An astronaut trains in a SpaceX Crew Dragon vehicle.

Ready for Launch! UA Alumnus to Pilot Space Mission

If all goes according to plan, a graduate of The University of Alabama will soon be in space, having piloted a SpaceX craft to the International Space Station about 250 miles above the Earth. 

A man smiles in a space suit
Photo courtesy of NASA

In his first flight to space, Bob Hines, a NASA astronaut, will pilot the SpaceX Crew-4 mission. He is responsible for vehicle performance and systems on its journey to the ISS, scheduled for April 27. 

Originally from Harrisburg, Pennsylvania, Hines earned a master’s degree in aerospace engineering from the University in 2010. 

“I’m really excited. This is a boyhood dream,” Hines said in a NASA news conference in March ahead of the rocket launch. “It’s kind of surreal to be in a position like this. The first thing I want do when I get up there… once that the engine cuts off, I want to unstrap and go look out the window.” 

NASA’s SpaceX Crew-4 mission is the fourth crew rotation flight to the ISS as part of NASA’s Commercial Crew Program. It’s targeted to launch no earlier than Wednesday, April 27, on a new SpaceX Crew Dragon, named Freedom, atop the company’s Falcon 9 rocket from NASA’s Kennedy Space Center in Florida. 

Hines will be part of a science expedition mission on the space station along with planned work outside the station to modify power systems. The planned spacewalks will include Hines.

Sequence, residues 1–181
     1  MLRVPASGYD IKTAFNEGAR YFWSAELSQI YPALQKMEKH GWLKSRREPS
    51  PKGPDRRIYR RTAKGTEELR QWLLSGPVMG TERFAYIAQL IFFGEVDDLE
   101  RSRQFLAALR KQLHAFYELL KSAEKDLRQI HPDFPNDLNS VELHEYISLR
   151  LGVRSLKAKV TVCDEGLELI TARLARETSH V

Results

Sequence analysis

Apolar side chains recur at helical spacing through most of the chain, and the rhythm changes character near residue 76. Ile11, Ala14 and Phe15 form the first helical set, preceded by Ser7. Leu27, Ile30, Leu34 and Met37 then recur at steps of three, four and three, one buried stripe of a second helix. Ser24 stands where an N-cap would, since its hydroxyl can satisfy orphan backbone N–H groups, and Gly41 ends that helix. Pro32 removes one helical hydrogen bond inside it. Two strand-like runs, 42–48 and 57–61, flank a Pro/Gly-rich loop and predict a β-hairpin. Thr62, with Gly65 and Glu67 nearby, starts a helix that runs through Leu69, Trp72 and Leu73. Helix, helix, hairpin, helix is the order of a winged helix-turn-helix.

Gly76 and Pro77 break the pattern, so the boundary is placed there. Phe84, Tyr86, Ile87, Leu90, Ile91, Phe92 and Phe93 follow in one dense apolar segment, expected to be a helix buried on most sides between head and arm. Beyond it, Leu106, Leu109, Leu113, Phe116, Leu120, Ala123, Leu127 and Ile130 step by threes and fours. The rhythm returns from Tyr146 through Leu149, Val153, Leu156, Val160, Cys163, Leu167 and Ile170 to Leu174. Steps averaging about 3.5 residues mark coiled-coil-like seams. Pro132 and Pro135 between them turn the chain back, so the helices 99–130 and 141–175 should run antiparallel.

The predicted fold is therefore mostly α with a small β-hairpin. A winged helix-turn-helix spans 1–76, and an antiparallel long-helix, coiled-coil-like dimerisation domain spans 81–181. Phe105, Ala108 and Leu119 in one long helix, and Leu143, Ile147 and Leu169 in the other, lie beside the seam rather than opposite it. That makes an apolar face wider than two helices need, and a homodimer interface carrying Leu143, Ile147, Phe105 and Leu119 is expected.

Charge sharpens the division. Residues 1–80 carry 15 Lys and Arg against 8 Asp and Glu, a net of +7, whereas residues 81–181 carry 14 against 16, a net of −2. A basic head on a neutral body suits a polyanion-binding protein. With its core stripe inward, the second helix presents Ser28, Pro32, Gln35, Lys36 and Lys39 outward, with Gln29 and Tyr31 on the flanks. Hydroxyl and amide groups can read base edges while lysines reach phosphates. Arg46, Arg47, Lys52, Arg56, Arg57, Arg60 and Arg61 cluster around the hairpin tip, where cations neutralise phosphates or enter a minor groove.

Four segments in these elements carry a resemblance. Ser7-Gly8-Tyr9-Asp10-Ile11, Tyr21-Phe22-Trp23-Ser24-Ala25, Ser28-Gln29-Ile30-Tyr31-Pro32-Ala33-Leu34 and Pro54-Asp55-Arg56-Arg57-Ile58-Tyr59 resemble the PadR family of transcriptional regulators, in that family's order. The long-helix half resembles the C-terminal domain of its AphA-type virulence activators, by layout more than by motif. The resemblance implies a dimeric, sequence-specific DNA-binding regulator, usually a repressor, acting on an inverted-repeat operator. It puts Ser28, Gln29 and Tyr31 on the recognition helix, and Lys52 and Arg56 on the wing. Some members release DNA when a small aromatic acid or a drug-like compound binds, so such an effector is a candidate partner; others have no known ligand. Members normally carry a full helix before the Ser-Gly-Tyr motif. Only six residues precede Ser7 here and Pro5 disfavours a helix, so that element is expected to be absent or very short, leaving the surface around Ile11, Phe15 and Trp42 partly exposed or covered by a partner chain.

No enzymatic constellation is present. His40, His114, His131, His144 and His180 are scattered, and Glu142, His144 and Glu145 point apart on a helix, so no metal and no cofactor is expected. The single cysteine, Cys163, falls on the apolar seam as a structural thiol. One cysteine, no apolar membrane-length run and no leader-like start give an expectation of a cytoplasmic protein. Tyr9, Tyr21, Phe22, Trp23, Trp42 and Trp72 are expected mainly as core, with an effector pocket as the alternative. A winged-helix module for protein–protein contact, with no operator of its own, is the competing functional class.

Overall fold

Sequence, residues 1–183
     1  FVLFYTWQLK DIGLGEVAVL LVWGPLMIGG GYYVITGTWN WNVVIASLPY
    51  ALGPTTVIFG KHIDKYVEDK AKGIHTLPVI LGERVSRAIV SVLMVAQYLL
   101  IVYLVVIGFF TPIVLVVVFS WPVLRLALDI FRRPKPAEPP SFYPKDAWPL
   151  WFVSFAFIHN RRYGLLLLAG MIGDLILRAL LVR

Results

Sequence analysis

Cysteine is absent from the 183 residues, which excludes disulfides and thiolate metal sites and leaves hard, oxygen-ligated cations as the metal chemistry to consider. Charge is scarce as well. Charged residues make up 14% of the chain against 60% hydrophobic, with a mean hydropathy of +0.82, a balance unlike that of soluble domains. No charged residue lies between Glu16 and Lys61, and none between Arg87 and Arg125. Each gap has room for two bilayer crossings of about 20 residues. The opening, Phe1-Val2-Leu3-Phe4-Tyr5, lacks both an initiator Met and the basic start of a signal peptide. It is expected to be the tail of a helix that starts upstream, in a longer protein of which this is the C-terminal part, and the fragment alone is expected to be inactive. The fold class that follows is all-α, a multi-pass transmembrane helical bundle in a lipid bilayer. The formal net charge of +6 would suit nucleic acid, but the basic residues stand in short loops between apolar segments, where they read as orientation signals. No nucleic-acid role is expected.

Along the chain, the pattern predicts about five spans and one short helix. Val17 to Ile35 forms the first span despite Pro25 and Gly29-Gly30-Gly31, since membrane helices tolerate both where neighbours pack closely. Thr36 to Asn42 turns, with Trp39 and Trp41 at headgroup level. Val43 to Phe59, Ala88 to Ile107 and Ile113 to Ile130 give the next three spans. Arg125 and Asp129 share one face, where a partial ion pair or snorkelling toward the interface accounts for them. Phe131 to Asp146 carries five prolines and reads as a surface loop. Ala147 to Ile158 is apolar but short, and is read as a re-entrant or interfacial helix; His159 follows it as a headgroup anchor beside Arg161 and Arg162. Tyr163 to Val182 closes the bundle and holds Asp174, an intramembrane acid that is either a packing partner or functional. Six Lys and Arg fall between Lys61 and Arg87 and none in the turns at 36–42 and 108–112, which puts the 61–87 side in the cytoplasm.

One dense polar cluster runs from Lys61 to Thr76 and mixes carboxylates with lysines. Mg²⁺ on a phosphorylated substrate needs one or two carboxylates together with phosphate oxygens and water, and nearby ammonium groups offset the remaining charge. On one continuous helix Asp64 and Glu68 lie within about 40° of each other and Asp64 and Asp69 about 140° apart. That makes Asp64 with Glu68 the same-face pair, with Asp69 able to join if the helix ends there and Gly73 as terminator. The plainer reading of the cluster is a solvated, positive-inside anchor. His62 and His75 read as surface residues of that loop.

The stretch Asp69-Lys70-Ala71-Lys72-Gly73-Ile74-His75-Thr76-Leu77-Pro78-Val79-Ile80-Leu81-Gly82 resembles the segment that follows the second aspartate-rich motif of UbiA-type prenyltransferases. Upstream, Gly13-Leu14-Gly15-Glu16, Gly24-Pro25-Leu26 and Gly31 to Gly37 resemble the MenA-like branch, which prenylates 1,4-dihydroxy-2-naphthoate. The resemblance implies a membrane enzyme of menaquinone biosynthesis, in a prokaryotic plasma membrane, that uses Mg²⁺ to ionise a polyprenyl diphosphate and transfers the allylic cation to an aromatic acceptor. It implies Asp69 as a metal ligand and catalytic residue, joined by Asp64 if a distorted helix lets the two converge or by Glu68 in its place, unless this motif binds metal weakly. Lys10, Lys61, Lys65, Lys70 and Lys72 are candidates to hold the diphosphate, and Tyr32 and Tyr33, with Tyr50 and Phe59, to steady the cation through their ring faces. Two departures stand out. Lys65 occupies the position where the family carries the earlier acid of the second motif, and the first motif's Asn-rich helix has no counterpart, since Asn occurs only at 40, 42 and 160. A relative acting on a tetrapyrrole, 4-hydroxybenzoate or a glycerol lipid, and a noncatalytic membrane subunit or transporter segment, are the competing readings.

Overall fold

After 21 years in the United State Air Force, Hines was selected as one of 12 people in NASA’s 2017 Astronaut Candidate Class out of 18,300 applicants. 

Four people in spacesuits sit inside the space capsule.
UA alumnus Bob Hines, second from right is part of NASA’s SpaceX Crew-4, which also includes, from left Jessica Watkins; Kjell Lindgren; European Space Agency astronaut Samantha Cristoforetti. Photo courtesy of NASA.

He graduated with a bachelor’s degree in aerospace engineering from Boston University in 1997 and went to earn his first master’s degree from the U.S. Air Force Test Pilot School in 2008. 

As he grew older, Hines wanted to not just fly aircraft, but also learn how they worked, so he delved deeper into engineering, joining UA’s online aerospace engineering master’s program. 

“I needed a program that was flexible enough to handle the military lifestyle and to go with me wherever I moved,” Hines said in a 2017 interview. “The distance learning at UA was the best fit for me, and the reputation of the engineering program there really appealed to me. Several test pilots recommended it to me. 

“My time at Alabama was really important in laying down the foundation of what I needed as a test pilot and my astronaut career here as well.” 

Watching from Kennedy Space Center will be Dr. Rohan Sood, UA assistant professor of aerospace engineering and mechanics, who is invited by NASA to attend the launch. Sood is currently working with NASA on a research project. 

“I am very thankful and honored by this amazing opportunity to attend the launch of Crew-4,” Sood said. “I also look forward to personally being there to witness one of our very own University of Alabama graduates being the pilot of this mission.” 

Hines will be the second UA alumnus on a spaceflight after James Kelley, who similarly graduated with a distance master’s degree in aerospace engineering in 1996 and went on to serve on two Space Shuttle missions. 


Adam Jones, UA communications, 205-348-4328,